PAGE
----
As is, contractor stapled up aluminum foil, and 6-8 inches of cellulose under that so at least it will be insulated from below. My one question though is : is it normal to have all the wiring of the house and ducting for HRV all mixed up in there? Won't the high heat demand affect that stuff in the long-run?


    We will be moving in only in March so won't be seeing much use of system this year I believe. Today was a sunny 19 degrees F outside and inside house was 80F with just a single 4000w contractor heater set at 70F!! I Think we may have more concerns with cooling than heating in the long run! In any case, anxious to see the sytem working and will keep you all updated for sure.
    Jackmartin
  • Alan (California Radiant) Forbes
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    I'd reconsider that oversized boiler. Even though it's electric, I think oversizing will have it's drawbacks.
    8.33 lbs./gal. x 60 min./hr. x 20°ΔT = 10,000 BTU's/hour

    Two btu per sq ft for degree difference for a slab
    Solid_Fuel_Man
  • Solid_Fuel_Man
    Solid_Fuel_Man Member Posts: 2,646
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    I agree with Alan. Why? Just get an 8kw or 10kw. The larger will cycle, which won't actually cost you more to operate, but may prematurely wear out the SCR'S that control the elements. Hopefully it's not a contactor.
    Serving Northern Maine HVAC & Controls. I burn wood, it smells good!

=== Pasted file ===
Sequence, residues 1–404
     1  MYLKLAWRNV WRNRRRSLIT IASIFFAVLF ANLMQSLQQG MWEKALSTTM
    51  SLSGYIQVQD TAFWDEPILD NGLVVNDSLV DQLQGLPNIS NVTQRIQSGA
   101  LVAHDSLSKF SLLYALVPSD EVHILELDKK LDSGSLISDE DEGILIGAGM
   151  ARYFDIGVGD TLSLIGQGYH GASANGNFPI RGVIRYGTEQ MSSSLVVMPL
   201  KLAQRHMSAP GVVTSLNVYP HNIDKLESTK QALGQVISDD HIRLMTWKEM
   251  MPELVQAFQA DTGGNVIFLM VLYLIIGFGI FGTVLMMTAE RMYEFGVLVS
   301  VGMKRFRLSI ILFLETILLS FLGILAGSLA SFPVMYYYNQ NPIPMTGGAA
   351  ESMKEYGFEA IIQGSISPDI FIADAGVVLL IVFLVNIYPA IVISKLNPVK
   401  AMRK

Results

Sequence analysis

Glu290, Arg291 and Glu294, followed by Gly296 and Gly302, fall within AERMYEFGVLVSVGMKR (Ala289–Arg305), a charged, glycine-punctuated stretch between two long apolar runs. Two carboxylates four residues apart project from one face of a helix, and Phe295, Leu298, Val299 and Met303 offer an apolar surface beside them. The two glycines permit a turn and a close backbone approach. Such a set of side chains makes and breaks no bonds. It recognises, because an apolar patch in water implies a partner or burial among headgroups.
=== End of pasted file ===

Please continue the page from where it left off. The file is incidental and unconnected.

Jackmartin
  • alexclusif
    alexclusif Member Posts: 13
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    Well I have a friend that works at Thermo2000 a company that builds these things and he managed to find a boiler that he reconditioned and it just so happened to be a 15kw but it was dirt cheap so couldn't pass on it.
  • MikeG
    MikeG Member Posts: 169
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    Aren't most of these boilers staged with multiple elements? I would think that this would limit the short cycling. I don't know the control strategy but it may just put more hours on a few elements.
  • Lance
    Lance Member Posts: 271
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    Lots of variables apply. All must be taken care of. Principles to follow: Cycling rate vs temperature swing vs insulation resistance vs material affected. Different forms of radiant installations are used for different applications. In floor, staple up, plate in air, tube in concrete, below, above etc.
    Open joist space is great for plate type systems where higher temps can be applied that keep floor temperatures proper and still provide maximum fluid BTUH delivery.
    In floor sensors are important to better respond to the natural delayed response of radiant. I have used four different radiant installation techniques in one home. In wood slot under tile, in concrete, in joist space with plate and staple up. All work differently but all work well as each is applied to match the floor situation. Pipe and controls alone make a difference. remember water in and out makes no difference if the surface convection and radiant transmission is wrong. Took me 10 years to get decent at this and another 10 to perfect it. And still they keep changing this stuff. Even a throw rug can change things.
    Rich_49Jackmartin
  • Alan (California Radiant) Forbes
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    I retract my statement and MikeG is correct. Spoke to a Thermo 2000 employee who said there are 4 staged elements in the 18kW model; more elements are energized the greater the load.

    When you start having children and want to double the size of the house, your boiler will be ready.

    Don't know if the elements are set up for lead-lag.
    8.33 lbs./gal. x 60 min./hr. x 20°ΔT = 10,000 BTU's/hour